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Three of the nation's top high school distance runners made the best of a tough situation on Saturday after the cancellation of New Balance Nationals Indoor (NBNI) earlier in the week. Loomis Chaffee's (CT) Matthew Farrell, Manchester High School's (CT) Aidan Puffer and Conard High's (CT) Gavin Sherry all raced a 2-mile at Conard High.
After finding out late Wednesday evening that NBNI was canceled due to the spread of COVID-19, Farrell reached out to Sherry and Puffer the next day to see if they still wanted to race.
"At first it seemed like all these months of hard training were in vain," said Farrell, "but then I remembered why I run. It's not just about the racing, it's about the love of the sport and seeing the limits of the human body. For me, I truly believe the journey is the reward. I was still interested in testing my fitness, so shortly after I got the news NBNI was canceled I texted Gavin and Aidan. I just asked if they had any interest in getting together to race, then things started to snowball from there."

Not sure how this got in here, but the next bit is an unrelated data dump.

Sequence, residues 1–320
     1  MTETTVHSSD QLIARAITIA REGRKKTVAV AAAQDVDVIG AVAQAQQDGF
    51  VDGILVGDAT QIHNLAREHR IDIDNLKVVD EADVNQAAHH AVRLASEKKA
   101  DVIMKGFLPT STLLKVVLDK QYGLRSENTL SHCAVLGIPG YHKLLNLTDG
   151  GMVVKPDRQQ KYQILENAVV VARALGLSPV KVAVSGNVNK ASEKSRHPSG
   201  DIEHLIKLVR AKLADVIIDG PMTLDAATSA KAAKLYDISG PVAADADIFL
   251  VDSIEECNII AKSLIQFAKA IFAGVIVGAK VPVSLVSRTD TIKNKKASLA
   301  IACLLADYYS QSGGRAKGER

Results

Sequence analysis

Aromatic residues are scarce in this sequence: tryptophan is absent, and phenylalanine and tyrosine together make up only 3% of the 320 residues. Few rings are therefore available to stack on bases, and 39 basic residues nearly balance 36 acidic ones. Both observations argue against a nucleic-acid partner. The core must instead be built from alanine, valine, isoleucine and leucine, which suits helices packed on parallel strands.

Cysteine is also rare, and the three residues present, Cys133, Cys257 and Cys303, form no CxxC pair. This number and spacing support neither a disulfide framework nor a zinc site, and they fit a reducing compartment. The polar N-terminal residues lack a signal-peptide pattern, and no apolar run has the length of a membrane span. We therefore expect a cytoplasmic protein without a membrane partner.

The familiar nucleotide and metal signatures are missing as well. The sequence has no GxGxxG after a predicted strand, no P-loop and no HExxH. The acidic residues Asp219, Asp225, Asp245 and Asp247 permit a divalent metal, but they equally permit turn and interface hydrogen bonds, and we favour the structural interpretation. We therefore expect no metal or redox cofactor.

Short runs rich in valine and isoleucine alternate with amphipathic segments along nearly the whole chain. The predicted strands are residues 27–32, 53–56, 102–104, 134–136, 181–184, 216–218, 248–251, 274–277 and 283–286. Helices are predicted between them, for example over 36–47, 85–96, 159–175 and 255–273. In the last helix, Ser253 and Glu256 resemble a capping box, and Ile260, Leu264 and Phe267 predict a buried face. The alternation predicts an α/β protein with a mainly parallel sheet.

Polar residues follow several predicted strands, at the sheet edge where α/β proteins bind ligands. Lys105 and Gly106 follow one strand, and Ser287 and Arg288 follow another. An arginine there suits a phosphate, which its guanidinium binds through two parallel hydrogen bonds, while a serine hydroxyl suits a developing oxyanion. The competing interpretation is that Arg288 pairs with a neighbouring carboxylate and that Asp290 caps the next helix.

The senior was scheduled to race in both the 2-mile and 5K at NBNI while Puffer and Sherry, both sophomores, were entered in the 2-mile.
Farrell, a University of Princeton signee, keeps in touch with two-time Olympian Donn Cabral who went to Glastonbury High School (CT) and graduated from Princeton University in 2012. The Olympian offered to come out and pace the group through six laps.
"The running community and culture in CT are so strong and supportive," Farrell said. "A lot of that culture for me is built around Donn Cabral. The fact that a two-time Olympian is not just willing, but eager to come out to pace some high school runners says a lot about his character."
Puffer (left) and Sherry (right) battling down the final stretch.
The trio finished the unofficial race with Sherry taking the win in 8:52, Puffer placing second in 8:52, and Farrell placing third in 9:02.
For Puffer and Sherry, this just continues a friendly rivalry which has only just begun. "[I'm] very lucky to have fast guys in CT around my same speed," Puffer said. "Especially Gavin, as I will be racing him for another two years of high school."
For Farrell, with the future so uncertain and many governing bodies canceling events and whole seasons, this could be his last high school race.
"I hope this 'race' isn't the last race of my high school career," Farrell said. "While I feel truly blessed to have been able to accomplish what I have in high school, there is still a lot left that I feel I am capable of on the track before I graduate. If this does end up being my last high school race I will still be able to hold my head high. I will be grateful my last race brought people together during a very tough period of time and helped us forget, even for just a little while, about all the current hysteria in the world."
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